Three years ago, Flight School Business noted the growing difficulty fixed-wing commercial students faced in finding complex airplanes in which to gain the required 10 hours of experience. Thanks to the recent revisions of the eligibility criteria, a similar dilemma may confront pilots who aspire to the multiengine airline transport pilot certificate—at least for the next 22 months.
No doubt you’re aware that a new section of the FARs—specifically, 61.156—imposes burdensome new eligibility requirements that candidates for the airline transport pilot certificate for multiengine airplanes must satisfy before they’re allowed to take the written exam. Those requirements took effect on Aug. 1.
The FAA hasn’t announced how many people passed the ATP knowledge test between January and July of 2014, but anecdotal reports suggest that the last-minute rush was considerable. We’ve heard stories of test centers turning applicants away because all available slots had been filled.
Candidates who passed the written before Aug. 1 have 24 calendar months from the date they earned that passing score to successfully complete their checkrides. But now they face another bottleneck. Another new regulation, 61.159 (a) (3), adds an experience requirement of 50 hours in class. Half of that time can be logged in a full-motion simulator, but only as one component of an approved training program. Given the scarcity and expense of full flight simulators, pilots who aren’t part of a university program or already flying for a high-end commercial operator will be left scrambling for ways to accumulate that time in actual airplanes.
For someone who isn’t already getting paid to fly twins, this is a formidable obstacle in two ways. The first is the expense. In the vicinity of AOPA’s home base, rental rates start at $240 per hour and climb steeply from there. Add instructor time, and the would-be ATP will be lucky to escape for “only” $15,000. That’s a daunting burden for anyone who isn’t already pretty well-heeled, and nearly insurmountable on the typical instructor’s salary.
That may be one factor driving the second problem: The aircraft themselves aren’t widely available. According to the FAA’s annual activity survey, the number of piston twins in the fleet dropped 26 percent between 2007 and 2012. Some of the decline no doubt reflects the improved accuracy of the registration database thanks to triennial re-registration, but anyone who has taken a recent look at asking prices for these airplanes will realize the sector’s in a slump. As with the vanishing complex single, the training industry seems to reflect that trend.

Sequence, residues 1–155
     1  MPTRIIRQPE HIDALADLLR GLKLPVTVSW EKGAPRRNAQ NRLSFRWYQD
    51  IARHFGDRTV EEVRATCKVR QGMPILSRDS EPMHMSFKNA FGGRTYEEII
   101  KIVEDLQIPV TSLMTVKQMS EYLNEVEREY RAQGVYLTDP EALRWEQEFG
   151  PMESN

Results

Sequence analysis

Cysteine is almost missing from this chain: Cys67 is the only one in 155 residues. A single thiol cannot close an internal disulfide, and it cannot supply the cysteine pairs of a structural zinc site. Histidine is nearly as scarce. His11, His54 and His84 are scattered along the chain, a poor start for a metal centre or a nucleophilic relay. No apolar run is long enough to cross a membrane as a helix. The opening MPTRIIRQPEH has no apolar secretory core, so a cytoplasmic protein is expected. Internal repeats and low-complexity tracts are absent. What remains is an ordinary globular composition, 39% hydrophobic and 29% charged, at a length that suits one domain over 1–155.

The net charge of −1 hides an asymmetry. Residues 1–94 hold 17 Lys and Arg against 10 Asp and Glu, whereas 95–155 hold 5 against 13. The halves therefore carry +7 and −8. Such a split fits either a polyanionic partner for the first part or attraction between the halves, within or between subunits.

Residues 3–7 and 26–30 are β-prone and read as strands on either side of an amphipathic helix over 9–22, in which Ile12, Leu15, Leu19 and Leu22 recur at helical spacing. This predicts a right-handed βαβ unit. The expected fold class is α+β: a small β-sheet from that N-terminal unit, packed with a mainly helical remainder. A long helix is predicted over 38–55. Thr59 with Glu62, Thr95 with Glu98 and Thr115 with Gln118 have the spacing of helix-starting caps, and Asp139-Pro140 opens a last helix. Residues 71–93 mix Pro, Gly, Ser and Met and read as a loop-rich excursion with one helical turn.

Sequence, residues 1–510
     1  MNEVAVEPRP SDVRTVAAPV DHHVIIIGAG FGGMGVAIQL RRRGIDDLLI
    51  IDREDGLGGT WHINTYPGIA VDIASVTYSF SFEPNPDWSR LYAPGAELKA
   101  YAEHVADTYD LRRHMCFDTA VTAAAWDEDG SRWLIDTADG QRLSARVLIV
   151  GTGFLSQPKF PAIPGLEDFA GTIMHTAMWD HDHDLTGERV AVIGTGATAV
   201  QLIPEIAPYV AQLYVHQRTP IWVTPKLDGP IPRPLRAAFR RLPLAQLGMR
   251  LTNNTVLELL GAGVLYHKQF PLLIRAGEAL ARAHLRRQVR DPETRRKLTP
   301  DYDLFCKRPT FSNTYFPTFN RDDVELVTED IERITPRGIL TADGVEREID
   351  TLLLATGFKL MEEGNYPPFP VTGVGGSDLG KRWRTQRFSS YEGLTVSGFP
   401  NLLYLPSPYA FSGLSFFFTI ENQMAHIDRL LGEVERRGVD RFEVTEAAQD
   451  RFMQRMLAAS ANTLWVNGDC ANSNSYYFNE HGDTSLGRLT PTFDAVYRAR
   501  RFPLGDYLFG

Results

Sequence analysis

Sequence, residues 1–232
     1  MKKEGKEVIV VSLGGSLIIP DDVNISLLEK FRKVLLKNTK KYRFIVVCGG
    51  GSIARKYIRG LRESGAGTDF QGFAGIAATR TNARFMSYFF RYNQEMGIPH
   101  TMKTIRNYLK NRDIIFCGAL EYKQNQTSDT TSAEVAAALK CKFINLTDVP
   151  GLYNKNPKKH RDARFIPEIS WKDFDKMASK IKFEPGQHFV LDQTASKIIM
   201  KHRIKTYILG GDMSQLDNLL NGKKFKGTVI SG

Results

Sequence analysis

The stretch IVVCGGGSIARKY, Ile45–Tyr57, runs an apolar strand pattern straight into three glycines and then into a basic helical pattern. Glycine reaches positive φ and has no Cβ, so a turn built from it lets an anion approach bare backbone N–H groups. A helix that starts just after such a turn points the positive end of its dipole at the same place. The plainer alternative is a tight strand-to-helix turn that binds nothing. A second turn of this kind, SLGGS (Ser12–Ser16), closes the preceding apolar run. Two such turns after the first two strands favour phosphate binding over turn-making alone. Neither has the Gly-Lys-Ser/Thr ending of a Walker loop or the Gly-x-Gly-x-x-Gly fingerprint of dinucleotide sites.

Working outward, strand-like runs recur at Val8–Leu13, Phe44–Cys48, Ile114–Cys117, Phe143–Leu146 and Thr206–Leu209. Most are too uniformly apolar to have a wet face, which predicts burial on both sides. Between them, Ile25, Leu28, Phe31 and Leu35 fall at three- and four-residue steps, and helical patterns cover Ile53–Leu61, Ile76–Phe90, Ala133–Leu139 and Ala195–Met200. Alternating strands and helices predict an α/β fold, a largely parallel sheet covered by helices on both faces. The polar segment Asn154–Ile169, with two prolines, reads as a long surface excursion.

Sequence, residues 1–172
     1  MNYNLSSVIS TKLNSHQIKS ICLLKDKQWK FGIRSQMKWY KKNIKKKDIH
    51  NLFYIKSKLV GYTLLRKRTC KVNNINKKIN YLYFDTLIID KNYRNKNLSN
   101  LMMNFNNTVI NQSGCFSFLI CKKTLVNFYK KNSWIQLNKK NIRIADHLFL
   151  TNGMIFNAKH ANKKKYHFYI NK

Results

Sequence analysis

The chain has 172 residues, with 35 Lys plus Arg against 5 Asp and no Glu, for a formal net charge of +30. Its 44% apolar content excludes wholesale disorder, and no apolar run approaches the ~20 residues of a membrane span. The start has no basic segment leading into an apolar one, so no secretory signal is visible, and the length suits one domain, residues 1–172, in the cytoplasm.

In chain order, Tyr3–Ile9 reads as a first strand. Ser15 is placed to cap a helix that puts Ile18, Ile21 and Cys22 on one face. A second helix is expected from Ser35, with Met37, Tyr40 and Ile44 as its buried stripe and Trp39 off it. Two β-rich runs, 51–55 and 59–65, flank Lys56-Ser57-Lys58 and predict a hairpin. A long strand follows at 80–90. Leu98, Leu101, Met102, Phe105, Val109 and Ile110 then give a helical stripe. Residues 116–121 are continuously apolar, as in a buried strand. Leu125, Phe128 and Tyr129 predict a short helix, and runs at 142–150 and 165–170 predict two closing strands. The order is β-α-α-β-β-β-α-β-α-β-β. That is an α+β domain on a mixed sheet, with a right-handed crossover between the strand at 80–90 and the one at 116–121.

Despite having two admirably busy flight schools on the field, AOPA’s home base in Frederick, Maryland, no longer has any twins available for rent. Neither do more than half of the other public-use airports within 30 nautical miles. Just to get to the airplane, then, ATP students based in Frederick have to choose between the expense of an additional flight—if another aircraft’s even available—or the nuisance of spending a couple of hours round-trip in the car; the roads don’t run anything like straight and traffic is frequently snarled.
It’s no secret why some schools have dropped their multiengine programs. The airplanes are disproportionately expensive to insure and maintain, and until recently they weren’t renting all that well. Even students who can realistically aspire to owning a Seneca or Baron typically do their primary and initial instrument training in a single to hold down the cost. The multiengine add-on to a private or commercial certificate can be done in just 10 to 15 hours, and prospective career pilots traditionally built their multiengine time after landing a job. However, the potential surge of pilots trying to qualify as multiengine ATPs may change the value equation—for a little while. Given the rock-bottom pricing on the current inventory, it might be worth picking up a pencil and roughing out some income-expense estimates—or at least looking into whether any owners on your field might be willing to discuss a leaseback.
The new regulations, of course, were written in response to legislation passed by Congress after the Colgan Flight 3407 accident. Not only was that law a complete non sequitur, changing things that didn’t contribute to the accident, but it’s had the usual pernicious effect: By trying to increase the number of ATPs in airline cockpits, it’s made it vastly more difficult to become an ATP.